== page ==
Ten people have been treated for Ebola in the United States since September. Eight lived. Two died.
The difference between life and death was often a matter of time and fluids as much as technology and drugs — a finding that could hold vital lessons for thwarting an epidemic that has left thousands infected and dead in West Africa.
The case of Dr. Martin Salia illustrated those points, tragically.
The full force of Western medicine could not save Salia, a surgeon who contracted Ebola in Sierra Leone, one of three nations at the epicenter of a health crisis that has captured headlines worldwide for six months.
He was flown from Africa to Nebraska for treatment. In Omaha, he received continuous dialysis to do the work of his ruined kidneys, mechanical ventilation when he could not breathe, plasma from an Ebola survivor, the experimental drug ZMapp, and the round-the-clock ministrations of a skilled team that had saved two previous Ebola patients.
What Salia did not get was prompt treatment. He arrived in Omaha unresponsive, bleeding, his kidneys no longer working — 13 days after he first felt ill. Two patients treated earlier at Nebraska Medical Center had arrived on day six and day eight of their symptoms.
“At some very basic level, whether you live or die is essentially whether your immune system is able to catch up with the virus and overcome it,” said Dr. Adam C. Levine, who worked in Liberia with the International Medical Corps and is now developing training materials for the organization. “It’s kind of a race between your immune system and the virus.”
The other patients treated in Nebraska — Massachusetts family doctor Richard Sacra and Rhode Island journalist and activist Ashoka Mukpo — each received a different experimental drug. It is unknown whether those treatments helped.
But Dr. Philip Smith, medical director of Nebraska Medical Center’s biocontainment unit, said, “If I had to guess, I would think the supportive care is most important.”
Supportive care keeps a patient alive until the virus clears. A key aspect for Ebola patients involves providing ample intravenous fluids to replace what is lost from vomiting and diarrhea.
“Forget the high-tech interventions,” Smith said. “One can do an awful lot of good by getting IV fluids available and by getting good venous access. The good news is that something relatively simple could be done in at least some places in Africa and have an effect on survival.”
Levine, who is an emergency department doctor at Rhode Island Hospital in Providence and an assistant professor of emergency medicine at Brown University, spent five weeks in Liberia in August and September, working in an Ebola treatment unit in a rural area north of Monrovia.
Levine said there is little research showing who will live and who will die, but experience with past Ebola outbreaks suggests that people between the ages of 5 and 40 have the best chance of survival, while pregnant women are particularly vulnerable.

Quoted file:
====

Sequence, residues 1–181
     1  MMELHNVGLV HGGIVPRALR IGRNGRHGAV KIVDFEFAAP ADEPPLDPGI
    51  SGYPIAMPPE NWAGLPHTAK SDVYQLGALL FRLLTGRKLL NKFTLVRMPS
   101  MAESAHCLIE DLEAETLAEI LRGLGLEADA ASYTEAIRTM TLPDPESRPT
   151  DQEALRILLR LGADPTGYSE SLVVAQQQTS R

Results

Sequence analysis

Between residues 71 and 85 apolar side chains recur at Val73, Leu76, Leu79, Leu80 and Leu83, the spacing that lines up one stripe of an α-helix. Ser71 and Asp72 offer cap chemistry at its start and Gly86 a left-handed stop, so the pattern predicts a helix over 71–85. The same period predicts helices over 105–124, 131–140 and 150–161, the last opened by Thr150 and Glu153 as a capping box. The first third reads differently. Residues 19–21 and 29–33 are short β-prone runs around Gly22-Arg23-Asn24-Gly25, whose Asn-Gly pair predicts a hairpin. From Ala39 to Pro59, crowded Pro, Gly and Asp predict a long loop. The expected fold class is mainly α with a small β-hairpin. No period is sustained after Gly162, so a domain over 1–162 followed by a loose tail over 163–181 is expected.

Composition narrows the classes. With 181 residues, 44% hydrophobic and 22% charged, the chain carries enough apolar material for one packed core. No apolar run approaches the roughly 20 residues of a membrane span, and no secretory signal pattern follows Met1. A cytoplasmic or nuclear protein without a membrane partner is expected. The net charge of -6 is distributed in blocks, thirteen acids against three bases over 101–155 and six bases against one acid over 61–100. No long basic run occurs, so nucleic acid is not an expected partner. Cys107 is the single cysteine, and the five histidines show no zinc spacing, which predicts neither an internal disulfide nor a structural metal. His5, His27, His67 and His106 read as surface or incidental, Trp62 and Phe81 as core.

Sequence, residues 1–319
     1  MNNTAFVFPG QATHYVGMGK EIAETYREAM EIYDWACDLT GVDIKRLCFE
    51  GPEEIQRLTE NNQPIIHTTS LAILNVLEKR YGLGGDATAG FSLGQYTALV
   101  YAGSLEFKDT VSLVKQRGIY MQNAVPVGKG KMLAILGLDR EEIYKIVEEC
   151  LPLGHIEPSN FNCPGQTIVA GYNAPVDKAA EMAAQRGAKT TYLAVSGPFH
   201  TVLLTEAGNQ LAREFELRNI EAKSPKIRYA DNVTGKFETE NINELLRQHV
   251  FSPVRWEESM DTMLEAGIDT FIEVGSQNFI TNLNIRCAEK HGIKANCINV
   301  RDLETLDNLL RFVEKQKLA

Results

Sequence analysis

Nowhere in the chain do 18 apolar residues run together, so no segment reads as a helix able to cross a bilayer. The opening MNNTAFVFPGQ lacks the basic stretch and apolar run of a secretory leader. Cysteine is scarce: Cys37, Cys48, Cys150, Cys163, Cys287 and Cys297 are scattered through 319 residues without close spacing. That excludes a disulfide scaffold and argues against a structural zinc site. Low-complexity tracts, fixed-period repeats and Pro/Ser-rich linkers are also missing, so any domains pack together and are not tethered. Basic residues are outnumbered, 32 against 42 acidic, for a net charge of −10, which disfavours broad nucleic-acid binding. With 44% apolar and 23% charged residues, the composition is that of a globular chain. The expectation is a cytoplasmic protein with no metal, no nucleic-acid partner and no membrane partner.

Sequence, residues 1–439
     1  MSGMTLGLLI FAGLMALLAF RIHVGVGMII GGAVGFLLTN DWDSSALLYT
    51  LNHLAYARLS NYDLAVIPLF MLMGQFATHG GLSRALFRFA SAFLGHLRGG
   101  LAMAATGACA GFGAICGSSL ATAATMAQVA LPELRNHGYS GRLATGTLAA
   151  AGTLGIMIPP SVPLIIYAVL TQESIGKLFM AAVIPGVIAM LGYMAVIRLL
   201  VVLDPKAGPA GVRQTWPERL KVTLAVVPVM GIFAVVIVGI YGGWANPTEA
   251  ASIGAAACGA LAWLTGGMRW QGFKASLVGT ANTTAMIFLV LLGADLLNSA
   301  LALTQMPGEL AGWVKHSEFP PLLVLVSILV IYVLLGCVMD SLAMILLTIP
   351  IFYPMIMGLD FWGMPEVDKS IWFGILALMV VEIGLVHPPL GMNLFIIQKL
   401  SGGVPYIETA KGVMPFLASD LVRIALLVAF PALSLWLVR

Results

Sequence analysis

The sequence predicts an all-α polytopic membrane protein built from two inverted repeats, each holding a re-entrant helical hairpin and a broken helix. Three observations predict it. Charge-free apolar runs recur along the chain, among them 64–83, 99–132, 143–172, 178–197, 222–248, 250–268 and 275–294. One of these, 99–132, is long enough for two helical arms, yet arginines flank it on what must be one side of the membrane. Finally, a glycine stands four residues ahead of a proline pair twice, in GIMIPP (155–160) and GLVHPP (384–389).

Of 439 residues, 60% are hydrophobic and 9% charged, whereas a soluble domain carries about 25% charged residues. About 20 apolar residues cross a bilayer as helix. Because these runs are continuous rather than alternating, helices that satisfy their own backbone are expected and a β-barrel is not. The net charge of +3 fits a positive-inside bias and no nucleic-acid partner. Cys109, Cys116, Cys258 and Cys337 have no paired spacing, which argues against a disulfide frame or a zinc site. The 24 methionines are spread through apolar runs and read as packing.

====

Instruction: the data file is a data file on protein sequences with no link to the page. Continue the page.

Another factor is the amount of virus that gets into the patient’s bloodstream. Health care workers accidentally stuck with needles containing the blood of Ebola patients have the highest death rate, approaching 100 percent, Levine said. People who contract Ebola after rubbing their eyes with a contaminated glove have better prospects.
“The most important thing is supporting them so they can survive long enough for their immune system to fight off the virus,” Levine said.
Pumping in plenty of fluids is critical. Patients stricken with Ebola lose as much as 10 liters of fluid that need to be quickly replaced with water containing a balanced mixture of electrolytes and sugar.
Patients should also get antibiotics, because inflammation in the gut allows bacteria to leak into the bloodstream, Levine said. Beyond that, symptoms are treated: drugs to stop vomiting, lower fevers, relieve pain, and maintain blood pressure.
In Africa, the death rate from Ebola is greater than 50 percent, climbing as high as 70 percent in some areas. The West African countries do not have enough nurses, doctors, and monitoring equipment to provide the kind of care offered in the United States. The patients in Nebraska, for example, had a dozen people caring for them at any given time.
In Africa, “in the Ebola treatment units, you have a situation where there are maybe 40, 50, up to 100 patients on the wards,” Levine said. “Those patients are only being seen a few times a day.”
Hospitals in the United States and Europe can more aggressively provide fluids and also test blood to make sure the right balance of electrolytes is provided. Blood pressure can also be tested and then treated with medication that requires careful monitoring.
“In most of the Ebola treatment units, we’re not even able to test blood pressure,” Levine said of the clinics in Africa.
Salia, 44, was the 10th Ebola patient treated in the United States. The only other patient to die was Thomas Eric Duncan, a Liberian visiting Texas, whose treatment was also delayed until the disease had advanced.
Smith, the head of the Nebraska biocontainment unit, said the staff sensed when Salia arrived that the virus may have already outrun the surgeon’s immune system.
“The disease has a somewhat exponential course,” he said.
Salia’s kidneys were damaged, and he was bleeding from the mouth and intestine, a sign of advanced disease. The staff provided blood and fluids. An infusion of plasma from an Ebola survivor helped restore fluids and also provided antibodies. Salia also received a dose of ZMapp, the antiviral drug.
The doctors and nurses were saddened by the outcome, Smith said, but “anxious to continue to do what we can to help take care of the world’s Ebola problem.”
Felice J. Freyer can be reached at email@example.com.